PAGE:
1. Capital gearing refers to the relationship between equity capital and :

Answer: Long term debts.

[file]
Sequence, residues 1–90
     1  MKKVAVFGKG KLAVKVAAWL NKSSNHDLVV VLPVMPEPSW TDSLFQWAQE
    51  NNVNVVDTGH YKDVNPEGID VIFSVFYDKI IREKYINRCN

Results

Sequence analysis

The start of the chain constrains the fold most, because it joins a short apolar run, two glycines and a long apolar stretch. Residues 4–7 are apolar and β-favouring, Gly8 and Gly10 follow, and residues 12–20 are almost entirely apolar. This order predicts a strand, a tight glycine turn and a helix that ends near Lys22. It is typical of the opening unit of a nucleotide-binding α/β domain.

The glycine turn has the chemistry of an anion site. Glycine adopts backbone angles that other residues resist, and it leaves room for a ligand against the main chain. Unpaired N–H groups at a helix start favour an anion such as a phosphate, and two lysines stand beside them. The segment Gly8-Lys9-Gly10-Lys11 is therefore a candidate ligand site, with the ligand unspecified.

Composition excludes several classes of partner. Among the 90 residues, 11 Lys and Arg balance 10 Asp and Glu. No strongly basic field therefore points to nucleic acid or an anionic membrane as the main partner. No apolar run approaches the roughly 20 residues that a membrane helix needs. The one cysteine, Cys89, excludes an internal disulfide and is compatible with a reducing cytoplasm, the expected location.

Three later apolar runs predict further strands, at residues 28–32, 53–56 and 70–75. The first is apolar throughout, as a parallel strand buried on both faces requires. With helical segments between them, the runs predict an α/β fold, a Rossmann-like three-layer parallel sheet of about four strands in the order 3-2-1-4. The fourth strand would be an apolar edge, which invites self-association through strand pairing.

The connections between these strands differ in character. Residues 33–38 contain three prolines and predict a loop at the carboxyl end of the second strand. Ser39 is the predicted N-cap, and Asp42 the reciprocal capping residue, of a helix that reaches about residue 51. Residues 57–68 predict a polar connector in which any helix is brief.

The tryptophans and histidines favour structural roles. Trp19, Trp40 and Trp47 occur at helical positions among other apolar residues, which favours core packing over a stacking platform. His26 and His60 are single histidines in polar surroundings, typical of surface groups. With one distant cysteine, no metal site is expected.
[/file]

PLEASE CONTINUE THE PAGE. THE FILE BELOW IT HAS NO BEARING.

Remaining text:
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MCQ-> Read the following passage carefully and answer the questions given at the end.Passage 4Public sector banks (PSBs) are pulling back on credit disbursement to lower rated companies, as they keep a closer watch on using their own scarce capital and the banking regulator heightens its scrutiny on loans being sanctioned. Bankers say the Reserve Bank of India has started strictly monitoring how banks are utilizing their capital. Any big-ticket loan to lower rated companies is being questioned. Almost all large public sector banks that reported their first quarter results so far have showed a contraction in credit disbursal on a year-to-date basis, as most banks have shifted to a strategy of lending largely to government-owned "Navratna" companies and highly rated private sector companies. On a sequential basis too, banks have grown their loan book at an anaemic rate.To be sure, in the first quarter, loan demand is not quite robust. However, in the first quarter last year, banks had healthier loan growth on a sequential basis than this year. The country's largest lender State Bank of India grew its loan book at only 1.21% quarter-on-quarter. Meanwhile, Bank of Baroda and Punjab National Bank shrank their loan book by 1.97% and 0.66% respectively in the first quarter on a sequential basis.Last year, State Bank of India had seen sequential loan growth of 3.37%, while Bank of Baroda had seen a smaller contraction of 0.22%. Punjab National Bank had seen a growth of 0.46% in loan book between the January-March and April-June quarters last year. On a year-to-date basis, SBI's credit growth fell more than 2%, Bank of Baroda's credit growth contracted 4.71% and Bank of India's credit growth shrank about 3%. SBI chief Arundhati Bhattacharya said the bank's year-to-date credit growth fell as the bank focused on ‘A’ rated customers. About 90% of the loans in the quarter were given to high-rated companies. "Part of this was a conscious decision and part of it is because we actually did not get good fresh proposals in the quarter," Bhattacharya said.According to bankers, while part of the credit contraction is due to the economic slowdown, capital constraints and reluctance to take on excessive risk has also played a role. "Most of the PSU banks are facing pressure on capital adequacy. It is challenging to maintain 9% core capital adequacy. The pressure on monitoring capital adequacy and maintaining capital buffer is so strict that you cannot grow aggressively," said Rupa Rege Nitsure, chief economist at Bank of Baroda.Nitsure said capital conservation pressures will substantially cut down "irrational expansion of loans" in some smaller banks, which used to grow at a rate much higher than the industry average. The companies coming to banks, in turn, will have to make themselves more creditworthy for banks to lend. "The conservation of capital is going to inculcate a lot of discipline in both banks and borrowers," she said.For every loan that a bank disburses, some amount of money is required to be set aside as provision. Lower the credit rating of the company, riskier the loan is perceived to be. Thus, the bank is required to set aside more capital for a lower rated company than what it otherwise would do for a higher rated client. New international accounting norms, known as Basel III norms, require banks to maintain higher capital and higher liquidity. They also require a bank to set aside "buffer" capital to meet contingencies. As per the norms, a bank's total capital adequacy ratio should be 12% at any time, in which tier-I, or the core capital, should be at 9%. Capital adequacy is calculated by dividing total capital by risk-weighted assets. If the loans have been given to lower rated companies, risk weight goes up and capital adequacy falls.According to bankers, all loan decisions are now being assessed on the basis of the capital that needs to be set aside as provision against the loan and as a result, loans to lower rated companies are being avoided. According to a senior banker with a public sector bank, the capital adequacy situation is so precarious in some banks that if the risk weight increases a few basis points, the proposal gets cancelled. The banker did not wish to be named. One basis point is one hundredth of a percentage point. Bankers add that the Reserve Bank of India has also started strictly monitoring how banks are utilising their capital. Any big-ticket loan to lower rated companies is being questioned.In this scenario, banks are looking for safe bets, even if it means that profitability is being compromised. "About 25% of our loans this quarter was given to Navratna companies, who pay at base rate. This resulted in contraction of our net interest margin (NIM)," said Bank of India chairperson V.R. Iyer, while discussing the bank's first quarter results with the media. Bank of India's NIM, or the difference between yields on advances and cost of deposits, a key gauge of profitability, fell in the first quarter to 2.45% from 3.07% a year ago, as the bank focused on lending to highly rated customers.Analysts, however, say the strategy being followed by banks is short-sighted. "A high rated client will take loans at base rate and will not give any fee income to a bank. A bank will never be profitable that way. Besides, there are only so many PSU companies to chase. All banks cannot be chasing them all at a time. Fact is, the banks are badly hit by NPA and are afraid to lend now to big projects. They need capital, true, but they have become risk-averse," said a senior analyst with a local brokerage who did not wish to be named.Various estimates suggest that Indian banks would require more than Rs. 2 trillion of additional capital to have this kind of capital adequacy ratio by 2019. The central government, which owns the majority share of these banks, has been cutting down on its commitment to recapitalize the banks. In 2013-14, the government infused Rs. 14,000 crore in its banks. However, in 2014-15, the government will infuse just Rs. 11,200 crore.Which of the following statements is correct according to the passage?